Monday, December 25, 2006



Working elephants on the Mae Rim Road.
The famous writer Ludu Daw Ah Mar said:
Where the great elephants go
Convinced she was right, she started writing –
in the vernacular
not in stilted flowery
traditional prose.
She threw away in full view of everyone, a ball pen, given to her
by the supposedly moderate general, now deposed
since 2004. He’s now himself
under house arrest.
An internal power struggle, in the junta
the permanent purge.

On the Mae Rim Road
the elephants
no longer do
real work, lifting, pulling
pushing teak logs, worth $10,000 each
in 1982.
But now I no longer know the price --
as am considering divorce and no longer
to the teak man.
Since 1988, Thailand has had
a teak export ban. The Thai general immediately
an agreement, to exploit, neighboring Burma’s
teak forests. Suited everyone fine
except the Burmese people; the students who fled
to Thailand after the army clampdown of 1988; the ethnic peoples
on the border.

On the Mae Rim Road
the elephants entertain tourists
going around clumsily in circles, holding each other’s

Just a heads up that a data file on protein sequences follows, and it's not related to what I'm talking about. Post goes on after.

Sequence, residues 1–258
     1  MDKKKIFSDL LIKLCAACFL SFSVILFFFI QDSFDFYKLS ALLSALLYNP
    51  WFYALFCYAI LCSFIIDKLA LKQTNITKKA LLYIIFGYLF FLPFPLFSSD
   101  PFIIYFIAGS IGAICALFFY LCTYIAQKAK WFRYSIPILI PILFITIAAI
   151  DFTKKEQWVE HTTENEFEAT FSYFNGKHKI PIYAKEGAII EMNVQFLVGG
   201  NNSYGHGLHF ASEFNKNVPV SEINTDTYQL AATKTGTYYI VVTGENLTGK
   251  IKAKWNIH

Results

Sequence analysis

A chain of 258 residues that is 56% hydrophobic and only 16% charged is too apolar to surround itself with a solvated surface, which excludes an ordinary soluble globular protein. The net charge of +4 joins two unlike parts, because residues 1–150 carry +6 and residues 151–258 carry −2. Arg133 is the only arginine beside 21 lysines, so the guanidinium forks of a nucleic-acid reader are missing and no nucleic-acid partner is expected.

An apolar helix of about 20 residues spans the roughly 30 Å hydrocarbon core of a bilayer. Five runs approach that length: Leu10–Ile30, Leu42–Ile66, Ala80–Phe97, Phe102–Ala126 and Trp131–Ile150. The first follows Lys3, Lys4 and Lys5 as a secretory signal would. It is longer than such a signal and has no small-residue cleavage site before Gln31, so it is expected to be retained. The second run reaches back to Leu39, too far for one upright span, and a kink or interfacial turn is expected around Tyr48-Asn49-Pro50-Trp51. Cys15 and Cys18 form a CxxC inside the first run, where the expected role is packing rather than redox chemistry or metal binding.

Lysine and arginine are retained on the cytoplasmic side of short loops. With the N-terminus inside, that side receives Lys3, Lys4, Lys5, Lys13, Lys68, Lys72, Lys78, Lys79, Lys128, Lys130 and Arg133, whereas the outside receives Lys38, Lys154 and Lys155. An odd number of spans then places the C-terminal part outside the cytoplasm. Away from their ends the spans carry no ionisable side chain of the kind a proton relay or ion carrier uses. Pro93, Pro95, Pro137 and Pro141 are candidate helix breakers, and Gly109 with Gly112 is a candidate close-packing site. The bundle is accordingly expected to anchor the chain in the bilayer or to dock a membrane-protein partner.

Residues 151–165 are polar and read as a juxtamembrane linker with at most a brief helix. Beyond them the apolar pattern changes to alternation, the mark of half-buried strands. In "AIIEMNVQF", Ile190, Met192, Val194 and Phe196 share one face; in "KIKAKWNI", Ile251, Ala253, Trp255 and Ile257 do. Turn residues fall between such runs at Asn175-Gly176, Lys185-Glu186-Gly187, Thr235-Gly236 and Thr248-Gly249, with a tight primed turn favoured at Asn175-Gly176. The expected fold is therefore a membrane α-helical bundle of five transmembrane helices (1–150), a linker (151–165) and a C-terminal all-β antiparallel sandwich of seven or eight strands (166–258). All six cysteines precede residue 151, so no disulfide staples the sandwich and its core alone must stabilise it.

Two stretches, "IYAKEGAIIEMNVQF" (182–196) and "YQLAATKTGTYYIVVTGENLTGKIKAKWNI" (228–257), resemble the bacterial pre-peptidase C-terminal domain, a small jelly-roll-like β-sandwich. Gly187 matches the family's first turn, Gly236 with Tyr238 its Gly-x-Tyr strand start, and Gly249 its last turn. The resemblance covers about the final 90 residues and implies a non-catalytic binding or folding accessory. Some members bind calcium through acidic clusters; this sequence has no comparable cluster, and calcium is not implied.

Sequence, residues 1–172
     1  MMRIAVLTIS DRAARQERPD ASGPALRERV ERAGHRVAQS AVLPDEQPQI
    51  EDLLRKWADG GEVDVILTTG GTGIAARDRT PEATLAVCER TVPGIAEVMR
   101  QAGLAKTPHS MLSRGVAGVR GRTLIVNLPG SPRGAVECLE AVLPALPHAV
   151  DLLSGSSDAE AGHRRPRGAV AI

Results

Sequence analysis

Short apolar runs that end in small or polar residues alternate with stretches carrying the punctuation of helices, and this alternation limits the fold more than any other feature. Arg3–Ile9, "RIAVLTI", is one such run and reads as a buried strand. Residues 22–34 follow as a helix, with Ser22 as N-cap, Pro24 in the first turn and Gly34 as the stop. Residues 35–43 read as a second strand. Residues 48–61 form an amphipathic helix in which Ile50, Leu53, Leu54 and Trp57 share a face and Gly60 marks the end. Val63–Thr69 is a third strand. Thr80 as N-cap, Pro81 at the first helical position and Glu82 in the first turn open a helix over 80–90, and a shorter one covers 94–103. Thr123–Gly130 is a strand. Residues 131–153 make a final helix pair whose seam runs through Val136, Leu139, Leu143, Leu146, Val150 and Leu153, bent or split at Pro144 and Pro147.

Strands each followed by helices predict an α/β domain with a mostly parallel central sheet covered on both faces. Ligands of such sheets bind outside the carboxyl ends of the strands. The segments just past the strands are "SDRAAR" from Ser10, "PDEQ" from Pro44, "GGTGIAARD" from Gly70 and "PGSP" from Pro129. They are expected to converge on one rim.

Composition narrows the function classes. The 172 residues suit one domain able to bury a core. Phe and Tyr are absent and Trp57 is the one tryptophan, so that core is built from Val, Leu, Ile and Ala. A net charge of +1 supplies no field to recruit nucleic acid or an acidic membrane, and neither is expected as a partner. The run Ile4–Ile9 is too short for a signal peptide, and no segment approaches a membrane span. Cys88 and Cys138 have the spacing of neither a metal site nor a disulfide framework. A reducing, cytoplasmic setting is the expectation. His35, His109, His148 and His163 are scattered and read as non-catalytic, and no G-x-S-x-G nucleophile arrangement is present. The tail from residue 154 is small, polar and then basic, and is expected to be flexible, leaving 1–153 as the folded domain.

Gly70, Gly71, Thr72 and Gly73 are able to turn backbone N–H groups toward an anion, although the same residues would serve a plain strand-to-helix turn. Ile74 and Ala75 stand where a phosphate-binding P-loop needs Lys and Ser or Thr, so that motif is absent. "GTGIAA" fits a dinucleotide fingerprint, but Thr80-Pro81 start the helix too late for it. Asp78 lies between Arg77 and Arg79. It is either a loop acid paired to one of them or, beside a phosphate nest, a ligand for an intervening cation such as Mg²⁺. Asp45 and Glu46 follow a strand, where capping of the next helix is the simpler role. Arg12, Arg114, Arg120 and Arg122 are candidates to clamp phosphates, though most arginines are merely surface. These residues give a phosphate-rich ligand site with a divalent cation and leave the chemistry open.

tails, gingerly in their trunks.
The mahouts are all Karen[1]
have given each elephant
a Karen name.

The younger mahouts are
kinder. An old mahout
has so struck at his elephant
with his chun probe, the edges
of the elephant’s ears, are in tatters
storm tossed
banana leaves. Maybe only I
see this.

Everyone else is too busy
rushing around taking photos
and clapping.

I’ve read, before captive elephants
were taught, to paint
they were so bored
in a western zoo
they masturbated and tried
to fornicate
with the red fire hydrant.

On the Mae Rim Road
the elephants no longer
do real work, but it’s not bad
my tourist guide says:
Easier than hauling logs. Is painting.
My guide Tang who speaks

I am exploring
retiring in Thailand
but it might get
too sleepy, too boring
too political and
too dangerous.

The elephants on the Mae Rim
Road, no longer do real work.
They entertain.
Maybe some have been extras
in the film

Copyright Kyi May Kaung
Chiangmai, Thailand.

[1] An ethnic group living in Burma and Thailand called Kayin or Karen.
[2] A popular film, sponsored by the Thai royal family, edited by Francis Ford Coppola and allegedly very anti-Burmese, but I did not find it so objectionable. To me it appeared to focus more on the court intrigues of the Ayuthia royal family and to blame them for the Burmese invasion. Suryothai was a Thai queen who went to war on an elephant to help her husband and was killed.

Sunday, December 10, 2006



Surreal in Northern Thailand.

Yesterday went on a guided tour.